The Stark Beauty of Kamchatka and its Volcanoes

246

The Stark Beauty of Kamchatka and its Volcanoes

530459_2222445312
via 56thparallel.com

The Kamchatka Peninsula, with a surface area of roughly 270,000 sq. kilometers (104.000 sq. miles), hangs off of the northeastern part of Russia, sort of like a blade hanging down to the south. A mountainous and rugged terrain, the peninsula is dotted with huge volcanoes, dominating the surrounding landscape. Constant evidence of their activity lies with the many thermal and mineral waters, geysers and mud ponds around. The many crystal-clear lakes, wild rivers and spectacular shorelines, make the Kamchatka Peninsula an amazing and pristine location.

Being surrounded by the ocean, the climate here is quite wet, giving way to a luxuriant vegetation made out of predominantly birch, poplar, alder and larch forests. The entire region is also home to many species of animals, among which are the brown bear, sables and Steller’s sea eagles. Among the last places on Earth with large expanses of wild plants and animals, Kamchatka Peninsula was first visited by foreigners in 1697, among which were the famous Vitus Bering and Georg Wilhelm Steller in their exploration journey around the North Pacific.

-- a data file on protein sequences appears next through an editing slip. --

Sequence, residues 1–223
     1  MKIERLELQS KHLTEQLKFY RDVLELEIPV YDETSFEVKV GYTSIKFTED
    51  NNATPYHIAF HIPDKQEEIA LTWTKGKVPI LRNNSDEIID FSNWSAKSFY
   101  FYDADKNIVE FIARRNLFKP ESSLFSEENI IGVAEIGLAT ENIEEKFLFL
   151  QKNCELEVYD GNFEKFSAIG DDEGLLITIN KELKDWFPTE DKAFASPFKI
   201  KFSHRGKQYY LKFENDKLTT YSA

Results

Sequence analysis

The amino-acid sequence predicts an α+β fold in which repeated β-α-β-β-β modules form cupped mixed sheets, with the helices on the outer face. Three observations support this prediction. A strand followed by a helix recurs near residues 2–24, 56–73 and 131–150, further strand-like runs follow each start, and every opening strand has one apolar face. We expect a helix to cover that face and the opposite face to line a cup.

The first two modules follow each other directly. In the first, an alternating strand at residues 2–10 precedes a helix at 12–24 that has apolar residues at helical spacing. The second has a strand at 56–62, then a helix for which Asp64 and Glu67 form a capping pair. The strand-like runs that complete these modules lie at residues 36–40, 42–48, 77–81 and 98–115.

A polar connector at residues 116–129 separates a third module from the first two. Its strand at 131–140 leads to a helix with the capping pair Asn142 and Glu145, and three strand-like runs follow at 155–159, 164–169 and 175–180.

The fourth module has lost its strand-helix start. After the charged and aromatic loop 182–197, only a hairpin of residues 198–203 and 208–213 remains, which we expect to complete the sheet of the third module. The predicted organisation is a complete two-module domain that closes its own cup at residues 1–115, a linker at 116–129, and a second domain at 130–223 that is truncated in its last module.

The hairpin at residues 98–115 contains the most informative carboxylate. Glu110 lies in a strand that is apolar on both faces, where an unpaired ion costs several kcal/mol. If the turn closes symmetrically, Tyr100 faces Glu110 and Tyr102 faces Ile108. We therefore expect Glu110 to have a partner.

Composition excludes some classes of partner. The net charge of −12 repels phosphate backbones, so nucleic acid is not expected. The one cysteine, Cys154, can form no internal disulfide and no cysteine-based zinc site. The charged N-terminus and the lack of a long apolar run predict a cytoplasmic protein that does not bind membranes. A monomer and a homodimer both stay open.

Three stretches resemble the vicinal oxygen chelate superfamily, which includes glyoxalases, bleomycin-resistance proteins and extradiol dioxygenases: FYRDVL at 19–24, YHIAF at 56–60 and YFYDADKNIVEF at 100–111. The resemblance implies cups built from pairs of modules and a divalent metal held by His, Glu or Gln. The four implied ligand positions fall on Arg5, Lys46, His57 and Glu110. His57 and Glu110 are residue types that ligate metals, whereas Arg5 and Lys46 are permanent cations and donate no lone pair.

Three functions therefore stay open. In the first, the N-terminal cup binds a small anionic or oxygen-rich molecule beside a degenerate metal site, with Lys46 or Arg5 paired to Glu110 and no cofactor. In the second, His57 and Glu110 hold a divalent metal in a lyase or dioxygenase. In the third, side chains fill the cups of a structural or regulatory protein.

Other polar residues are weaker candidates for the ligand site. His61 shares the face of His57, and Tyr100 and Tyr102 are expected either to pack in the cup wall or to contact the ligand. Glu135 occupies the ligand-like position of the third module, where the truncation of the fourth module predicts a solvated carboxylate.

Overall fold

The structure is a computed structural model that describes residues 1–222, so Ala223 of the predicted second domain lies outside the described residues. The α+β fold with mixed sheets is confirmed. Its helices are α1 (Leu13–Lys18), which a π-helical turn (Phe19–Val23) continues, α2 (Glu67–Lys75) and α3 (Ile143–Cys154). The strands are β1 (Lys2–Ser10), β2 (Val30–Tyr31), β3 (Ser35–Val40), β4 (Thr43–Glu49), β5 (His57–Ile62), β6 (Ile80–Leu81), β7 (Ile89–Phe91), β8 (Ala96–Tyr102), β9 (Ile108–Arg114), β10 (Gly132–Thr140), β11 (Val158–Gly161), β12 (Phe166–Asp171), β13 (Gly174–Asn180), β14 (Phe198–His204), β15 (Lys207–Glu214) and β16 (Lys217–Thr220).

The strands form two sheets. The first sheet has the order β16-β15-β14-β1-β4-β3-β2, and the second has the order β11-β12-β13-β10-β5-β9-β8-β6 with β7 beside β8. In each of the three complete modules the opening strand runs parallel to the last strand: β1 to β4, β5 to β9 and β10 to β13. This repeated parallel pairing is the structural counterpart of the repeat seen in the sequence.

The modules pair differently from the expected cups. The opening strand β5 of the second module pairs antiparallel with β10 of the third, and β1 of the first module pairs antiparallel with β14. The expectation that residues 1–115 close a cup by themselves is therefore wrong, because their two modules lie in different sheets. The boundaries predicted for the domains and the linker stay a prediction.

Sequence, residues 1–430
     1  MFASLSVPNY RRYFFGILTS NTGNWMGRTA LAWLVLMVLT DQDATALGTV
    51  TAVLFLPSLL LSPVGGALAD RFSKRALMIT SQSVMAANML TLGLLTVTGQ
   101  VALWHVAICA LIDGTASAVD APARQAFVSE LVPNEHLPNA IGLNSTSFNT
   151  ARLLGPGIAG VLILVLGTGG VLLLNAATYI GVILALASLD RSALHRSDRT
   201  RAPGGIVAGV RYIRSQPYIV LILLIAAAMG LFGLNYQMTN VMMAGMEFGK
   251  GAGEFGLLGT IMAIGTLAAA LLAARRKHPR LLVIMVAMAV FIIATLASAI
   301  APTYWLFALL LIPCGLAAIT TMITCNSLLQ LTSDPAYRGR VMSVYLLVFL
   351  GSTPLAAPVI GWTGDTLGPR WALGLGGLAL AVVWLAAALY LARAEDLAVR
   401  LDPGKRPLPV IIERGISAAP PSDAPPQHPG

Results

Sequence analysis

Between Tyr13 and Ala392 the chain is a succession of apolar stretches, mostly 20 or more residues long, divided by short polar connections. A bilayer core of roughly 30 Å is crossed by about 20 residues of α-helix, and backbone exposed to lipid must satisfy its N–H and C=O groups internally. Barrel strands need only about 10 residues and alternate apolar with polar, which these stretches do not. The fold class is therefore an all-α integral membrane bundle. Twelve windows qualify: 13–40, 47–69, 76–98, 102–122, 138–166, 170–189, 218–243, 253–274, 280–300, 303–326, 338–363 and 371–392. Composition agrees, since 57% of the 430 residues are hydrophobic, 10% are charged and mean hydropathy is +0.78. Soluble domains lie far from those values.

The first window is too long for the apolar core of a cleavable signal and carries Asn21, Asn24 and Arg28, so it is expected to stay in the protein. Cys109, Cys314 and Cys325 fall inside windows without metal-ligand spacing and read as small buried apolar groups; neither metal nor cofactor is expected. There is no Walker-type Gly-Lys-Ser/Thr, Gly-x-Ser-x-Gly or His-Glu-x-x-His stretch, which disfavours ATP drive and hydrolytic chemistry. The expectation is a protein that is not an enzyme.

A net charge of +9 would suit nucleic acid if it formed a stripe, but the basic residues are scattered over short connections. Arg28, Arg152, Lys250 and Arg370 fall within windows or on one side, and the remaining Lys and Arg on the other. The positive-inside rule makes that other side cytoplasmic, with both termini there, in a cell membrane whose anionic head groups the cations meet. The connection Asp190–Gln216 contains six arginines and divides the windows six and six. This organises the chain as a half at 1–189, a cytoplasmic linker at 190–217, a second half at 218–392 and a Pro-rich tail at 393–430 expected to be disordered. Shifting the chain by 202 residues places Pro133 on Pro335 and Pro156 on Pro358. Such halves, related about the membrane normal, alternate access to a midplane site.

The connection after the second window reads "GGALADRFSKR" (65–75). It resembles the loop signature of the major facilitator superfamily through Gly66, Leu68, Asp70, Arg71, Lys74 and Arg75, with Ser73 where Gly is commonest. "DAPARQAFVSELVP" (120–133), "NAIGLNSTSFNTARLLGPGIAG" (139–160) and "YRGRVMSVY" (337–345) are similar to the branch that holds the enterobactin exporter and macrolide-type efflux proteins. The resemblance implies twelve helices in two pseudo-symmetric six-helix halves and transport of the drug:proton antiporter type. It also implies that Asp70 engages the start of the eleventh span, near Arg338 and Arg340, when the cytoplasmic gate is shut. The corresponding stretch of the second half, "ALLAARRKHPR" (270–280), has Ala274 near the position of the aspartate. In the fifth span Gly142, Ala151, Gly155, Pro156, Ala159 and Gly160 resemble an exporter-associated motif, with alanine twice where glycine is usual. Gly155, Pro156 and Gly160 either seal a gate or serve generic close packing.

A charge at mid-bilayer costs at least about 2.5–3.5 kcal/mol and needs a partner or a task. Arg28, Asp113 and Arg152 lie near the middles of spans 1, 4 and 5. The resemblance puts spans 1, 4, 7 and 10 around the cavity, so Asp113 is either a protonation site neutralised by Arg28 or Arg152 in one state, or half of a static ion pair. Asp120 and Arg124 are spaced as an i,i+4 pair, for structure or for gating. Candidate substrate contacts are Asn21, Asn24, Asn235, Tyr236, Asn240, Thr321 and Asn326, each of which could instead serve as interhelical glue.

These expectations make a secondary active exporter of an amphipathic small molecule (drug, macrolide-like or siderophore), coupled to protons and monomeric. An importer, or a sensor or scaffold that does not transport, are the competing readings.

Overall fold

via alpineinterface.com
via alpineinterface.com

The many volcanoes found here are among the most spectacular around the world. Out of the 300+ found, 29 are still active to this day. The many pieces o evidence we mentioned above, are a testament of their slumbering activity. But what really sets this volcanic region apart from all the rest, is the huge biodiversity found here. Over 700 species of high-altitude plants, countless marine species and birds, and not to mention mammals, call this place their home. Moreover, the rivers, streams and lakes here, have the largest numbers of salmon found anywhere in the world. Part of the Pacific Ring of Fire, where most of the world’s volcanoes are found, the Kamchatka Peninsula is the most studied in this regard.

Today, the peninsula is a true magnet for fishermen and naturalists alike, and its isolation and relative small number of people living here – around 400,000- make it a pristine, but hard to visit place.

Karymsky Volcano - via astroarts.org
Karymsky Volcano – via astroarts.org
via mircorp.com
via mircorp.com
One of many thermal pools in Kamchatka’s Valley of Geysers  Photo credit: Martin Klimenta
One of many thermal pools in Kamchatka’s Valley of Geysers
Photo credit: Martin Klimenta
Steller's sea eagle
Steller’s sea eagle
via russiatrek.org
via russiatrek.org